6. The process of claim 1 wherein a metal-complexing compound of formula (II) is used.
7. The process of claim 1 wherein Q1 together with Q2, and in case of a compound of general formula (II) Q3 together with Q4, represent an optionally substituted hydrocarbylene group.
8. The process of claim 1 that is carried out in the presence of sulpholane, water or a mixture thereof.
Description
BACKGROUND OF THE INVENTION

The invention relates to a process for the catalytic hydrogenolysis of glycerol. In particular, the invention relates to the preparation of propylene glycols (1,2- and 1,3-propanediols) and/or acrolein by the hydrogenolysis of glycerol.

Propylene glycols and acrolein are valuable chemicals. For instance, 1,3-propanediol (PDO) is an attractive monomer in the preparation of polyesters and polyurethanes. It may also be used to prepare cyclic ethers that find use as solvent. Likewise, acrolein and its dimer provide a valuable starting point for the synthesis of chemicals used in textile finishing, paper treating, and the manufacture of rubber chemicals, pharmaceuticals, plasticizers and synthetic resins. Propylene glycols and acrolein may be prepared by a variety of processes. For example, PDO may be prepared by the hydroformylation of ethylene oxide, or by the hydrogenation of 3-hydroxypropionaldehyde. However, each of these processes requires chemicals as starting point that have to be prepared separately, often at considerable costs. Besides, the starting chemicals may find other higher-value uses.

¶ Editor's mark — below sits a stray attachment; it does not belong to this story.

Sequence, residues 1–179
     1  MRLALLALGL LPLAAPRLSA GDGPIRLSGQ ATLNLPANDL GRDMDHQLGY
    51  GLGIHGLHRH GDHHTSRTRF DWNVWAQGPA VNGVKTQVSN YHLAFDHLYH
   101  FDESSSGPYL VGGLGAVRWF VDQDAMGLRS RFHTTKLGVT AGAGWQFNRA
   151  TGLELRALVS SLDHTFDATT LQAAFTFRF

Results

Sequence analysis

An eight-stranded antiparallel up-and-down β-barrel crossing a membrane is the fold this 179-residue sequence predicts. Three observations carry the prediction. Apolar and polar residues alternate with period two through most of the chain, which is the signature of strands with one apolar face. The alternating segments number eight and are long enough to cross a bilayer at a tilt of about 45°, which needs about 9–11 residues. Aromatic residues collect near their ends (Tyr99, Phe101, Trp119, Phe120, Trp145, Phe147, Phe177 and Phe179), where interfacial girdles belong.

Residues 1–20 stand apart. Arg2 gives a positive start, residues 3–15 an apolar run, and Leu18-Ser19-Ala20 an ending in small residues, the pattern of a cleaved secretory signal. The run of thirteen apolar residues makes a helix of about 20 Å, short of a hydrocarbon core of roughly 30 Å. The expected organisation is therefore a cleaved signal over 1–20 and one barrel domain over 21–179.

The chemicals industries have realised that our petrochemical resources are not unlimited. Therefore, they focused and still focus on natural resources as starting point for their processes. For instance, U.S. Pat. No. 4,642,394 describes the process for the conversion of glycerol to lower oxygenated hydrocarbons, such as 1,2- and 1,3-propanediol, by reacting glycerol with carbon monoxide and hydrogen (in a "hydrogenolysis" reaction) in the presence of a homogeneous catalyst containing tungsten and Group VIII metal components. The examples of this patent document, however, reveal the need for elevated temperatures and pressure conditions (200 centigrade, 4600 psig). The process is therefore not quite as attractive as it could be.

The art also includes examples of hydrogenolysis processes using heterogeneous catalysts. For instance, DE-A-4,302,464 describes the conversion of glycerol into 1,2-propanediol and other products (but not 1,3-propanediol) using copper chrome tablets at various elevated temperatures and pressures. U.S. Pat. No. 5,326,912 employs a catalyst containing ruthenium, palladium and copper. However, glycerol is produced rather than converted.

It is therefore an object of the invention to provide a process for the conversion of glycerol to lower oxygenated hydrocarbons which avoids the need for these elevated temperature and pressure conditions.